Throughout my lengthy rehabilitation I would regularly meet with my professionals and I wasn't always pleasant to be around I'm sure, but I was surprised when they'd tell me stories of their other clients who just want nothing to do with them. As if to say recovery isn't needed and help not wanted. Frustrations entirely understandable, but denial of the truth wasn't an option for me.
I had my fair share of anxieties, depression, and frustrations during rehab, but I was aware that I was broken from the accident, and wanted to get better or optimize my recovery.
I was occasionally complimented on my willingness to followthrough with advice from different professionals.
And while I didn't always implement their strategies or suggestions, I noticed that I was better off when I did.
BEING TRUE TO SELF:
Nearing the year anniversary I was in a sort of identity crises where I would trick myself into being the same person I was before. I picked up cigarettes again after being well over the addiction. I would go to parties with friends with a 'see guys, same old me' attitude. It would be laughs and fun until I took a little puff of cannabis or later in recovery a sip of alcohol, after which I'd go braindead and end-up on a couch or chair barely coherent.
Immediately after the brain injury my sleep ability went all to hell. Lying awake in bed during usual sleeping hours was my ordinary; then struggling to remain awake and alert during regular waking hours. Sleeping medication worked as far as knocking me out, but shortly after I'd wake to urinate. Afterwards, I would return to bed where I'd remain awake until sun up. Later I learned that waking to pee was from not drinking enough during the daytime and then realizing in the afternoon/ evening I was dehydrated, when I would then chug a litre or two to compensate. I eventually became unhappy with pharmaceuticals not doing enough for my rest, I took recommendations from everybody and their dog about sleep because I was so desperate. I tried many different strategies but here I'll include just a few.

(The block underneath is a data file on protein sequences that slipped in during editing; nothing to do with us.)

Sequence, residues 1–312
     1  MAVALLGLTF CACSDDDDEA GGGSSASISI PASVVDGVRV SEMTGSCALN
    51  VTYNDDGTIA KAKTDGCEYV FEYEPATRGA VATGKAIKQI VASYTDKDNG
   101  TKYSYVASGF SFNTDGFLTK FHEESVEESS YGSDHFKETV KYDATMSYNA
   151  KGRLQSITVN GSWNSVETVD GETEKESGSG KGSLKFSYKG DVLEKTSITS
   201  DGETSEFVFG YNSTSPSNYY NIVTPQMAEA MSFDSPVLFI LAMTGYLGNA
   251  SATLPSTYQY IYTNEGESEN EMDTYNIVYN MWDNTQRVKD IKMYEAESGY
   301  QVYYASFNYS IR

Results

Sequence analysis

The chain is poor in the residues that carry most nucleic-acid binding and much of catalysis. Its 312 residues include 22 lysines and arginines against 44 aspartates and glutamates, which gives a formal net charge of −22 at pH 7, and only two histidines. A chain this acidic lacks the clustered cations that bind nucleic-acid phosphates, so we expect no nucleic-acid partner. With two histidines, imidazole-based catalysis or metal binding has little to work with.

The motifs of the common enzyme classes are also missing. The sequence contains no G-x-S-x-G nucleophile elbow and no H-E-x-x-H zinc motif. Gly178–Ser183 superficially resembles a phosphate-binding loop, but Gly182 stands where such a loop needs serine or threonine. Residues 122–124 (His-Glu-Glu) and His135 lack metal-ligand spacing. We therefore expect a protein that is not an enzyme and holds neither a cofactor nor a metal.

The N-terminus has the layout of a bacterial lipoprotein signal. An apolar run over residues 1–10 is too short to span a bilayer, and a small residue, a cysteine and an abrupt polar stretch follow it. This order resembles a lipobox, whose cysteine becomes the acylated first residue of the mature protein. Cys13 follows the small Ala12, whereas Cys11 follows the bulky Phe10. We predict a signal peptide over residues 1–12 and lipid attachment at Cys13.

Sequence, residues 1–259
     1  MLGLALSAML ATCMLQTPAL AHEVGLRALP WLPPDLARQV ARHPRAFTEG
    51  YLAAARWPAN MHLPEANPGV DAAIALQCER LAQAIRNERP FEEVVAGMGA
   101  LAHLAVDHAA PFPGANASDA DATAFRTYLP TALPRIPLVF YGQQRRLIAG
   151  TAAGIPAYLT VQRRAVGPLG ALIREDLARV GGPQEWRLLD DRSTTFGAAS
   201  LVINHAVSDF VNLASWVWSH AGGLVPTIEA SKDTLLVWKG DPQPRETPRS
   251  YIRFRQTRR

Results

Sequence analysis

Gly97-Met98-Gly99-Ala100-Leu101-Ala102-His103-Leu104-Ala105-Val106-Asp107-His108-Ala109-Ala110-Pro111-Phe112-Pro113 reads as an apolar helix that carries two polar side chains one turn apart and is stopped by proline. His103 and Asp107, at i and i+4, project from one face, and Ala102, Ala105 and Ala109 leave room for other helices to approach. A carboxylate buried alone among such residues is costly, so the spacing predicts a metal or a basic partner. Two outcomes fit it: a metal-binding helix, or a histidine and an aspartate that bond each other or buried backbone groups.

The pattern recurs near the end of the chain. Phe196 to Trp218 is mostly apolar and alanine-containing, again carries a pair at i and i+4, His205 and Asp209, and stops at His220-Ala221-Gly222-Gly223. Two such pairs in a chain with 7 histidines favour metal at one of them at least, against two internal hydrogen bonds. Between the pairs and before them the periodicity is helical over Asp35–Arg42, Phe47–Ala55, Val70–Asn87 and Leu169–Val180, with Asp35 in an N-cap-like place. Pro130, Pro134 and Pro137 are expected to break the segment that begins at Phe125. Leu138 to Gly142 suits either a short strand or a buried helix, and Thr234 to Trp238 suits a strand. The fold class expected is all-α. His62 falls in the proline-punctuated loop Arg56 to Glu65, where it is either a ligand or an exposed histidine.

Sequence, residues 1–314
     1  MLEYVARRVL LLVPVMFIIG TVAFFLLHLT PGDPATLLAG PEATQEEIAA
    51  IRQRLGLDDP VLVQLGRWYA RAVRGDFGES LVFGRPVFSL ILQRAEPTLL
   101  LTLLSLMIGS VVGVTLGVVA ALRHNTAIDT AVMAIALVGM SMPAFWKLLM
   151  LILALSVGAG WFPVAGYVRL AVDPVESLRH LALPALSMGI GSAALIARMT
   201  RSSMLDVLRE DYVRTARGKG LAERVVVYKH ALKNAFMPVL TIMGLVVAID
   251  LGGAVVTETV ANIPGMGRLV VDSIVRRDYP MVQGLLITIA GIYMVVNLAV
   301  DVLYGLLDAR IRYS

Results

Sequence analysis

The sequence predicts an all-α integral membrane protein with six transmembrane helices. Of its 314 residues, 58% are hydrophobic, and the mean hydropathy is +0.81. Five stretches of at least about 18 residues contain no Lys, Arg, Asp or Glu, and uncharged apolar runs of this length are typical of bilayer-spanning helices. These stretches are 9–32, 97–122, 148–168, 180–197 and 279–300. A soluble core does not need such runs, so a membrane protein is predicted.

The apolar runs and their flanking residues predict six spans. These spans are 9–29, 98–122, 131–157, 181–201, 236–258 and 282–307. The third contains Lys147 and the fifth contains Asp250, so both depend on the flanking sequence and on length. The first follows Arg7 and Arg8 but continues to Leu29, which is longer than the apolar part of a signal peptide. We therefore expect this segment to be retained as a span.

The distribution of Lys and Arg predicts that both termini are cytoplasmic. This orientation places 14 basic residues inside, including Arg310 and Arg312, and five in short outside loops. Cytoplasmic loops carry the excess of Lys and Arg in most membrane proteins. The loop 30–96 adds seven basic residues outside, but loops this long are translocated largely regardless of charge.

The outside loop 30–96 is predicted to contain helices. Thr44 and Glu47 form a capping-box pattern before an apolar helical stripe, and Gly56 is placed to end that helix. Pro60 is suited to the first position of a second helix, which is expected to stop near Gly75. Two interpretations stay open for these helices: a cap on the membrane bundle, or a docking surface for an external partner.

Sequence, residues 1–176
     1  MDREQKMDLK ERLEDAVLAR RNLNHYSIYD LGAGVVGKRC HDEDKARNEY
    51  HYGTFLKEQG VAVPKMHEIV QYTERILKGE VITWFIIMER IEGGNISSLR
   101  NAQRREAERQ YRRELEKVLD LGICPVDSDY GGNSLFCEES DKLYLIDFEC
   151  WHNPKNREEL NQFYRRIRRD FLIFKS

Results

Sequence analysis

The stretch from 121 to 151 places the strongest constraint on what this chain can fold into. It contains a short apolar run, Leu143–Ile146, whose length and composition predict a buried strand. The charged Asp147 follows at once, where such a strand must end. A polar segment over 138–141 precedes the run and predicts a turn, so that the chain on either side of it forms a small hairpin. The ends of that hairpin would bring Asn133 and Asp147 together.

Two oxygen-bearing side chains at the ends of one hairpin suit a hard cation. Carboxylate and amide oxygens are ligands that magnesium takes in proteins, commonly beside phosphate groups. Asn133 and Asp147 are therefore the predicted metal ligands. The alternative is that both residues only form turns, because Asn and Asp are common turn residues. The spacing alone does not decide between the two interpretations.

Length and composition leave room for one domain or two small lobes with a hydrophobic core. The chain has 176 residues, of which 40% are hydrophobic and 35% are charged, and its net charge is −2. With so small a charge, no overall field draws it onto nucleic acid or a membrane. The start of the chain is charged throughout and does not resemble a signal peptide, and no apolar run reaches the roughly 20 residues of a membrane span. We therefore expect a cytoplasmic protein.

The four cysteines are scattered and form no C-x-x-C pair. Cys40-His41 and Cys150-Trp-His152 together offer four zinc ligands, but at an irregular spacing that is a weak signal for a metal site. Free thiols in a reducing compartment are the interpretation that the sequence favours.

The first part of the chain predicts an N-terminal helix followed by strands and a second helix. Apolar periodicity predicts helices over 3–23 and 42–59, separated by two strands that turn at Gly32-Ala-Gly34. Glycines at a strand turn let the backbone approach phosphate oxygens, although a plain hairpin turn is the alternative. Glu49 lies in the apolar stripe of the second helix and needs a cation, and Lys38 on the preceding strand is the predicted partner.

1. I was told I should try to meditate when I can't sleep and so I did that for a while, with little success.
2. Then I was told to drink an IPA if I drink beer, because of the hop content and it being a sedative, so I began doing that. When I'd wake in the middle of the night (not always to pee), I would get up, grab an India Pale Ale from the fridge and a book, read and drink a beer for 45-1 hour, then return to bed and fall back asleep for an hour or two before the day started. This method was doing more than others I had tried up 'till then. After a while of doing this I learned from one of my wellness practitioners that the beer strategy was pretty intense - to wake and toss poison (alcohol) in my tired body was not ideal. So I stopped drinking booze around this time and opted for hop tea in the night for a while, with similar success.
3. After about 10 years of trying different strategies to help, I learned my most valuable strategy...I was introduced to Transcendental Meditation. This technique consist of a 20 minute meditation twice per day, which is a sort of "cosmic recharge". TM technique has given me the most benefit and after three years I still use it regularly.
While coping with my new issues around lacking sleep, my fatigue reached new heights, and all while struggling to fall asleep and stay asleep. I would go to bed with feeling exhausted and as one would do when they feel such a state, but once lying in bed would quickly become much more awake and alert. Eventually I would be on the verge of sleep when I would get disturbed by sounds. I learned of benefits of sleeping with earplugs in my ears. It allows me to fall asleep faster and sleep deeper.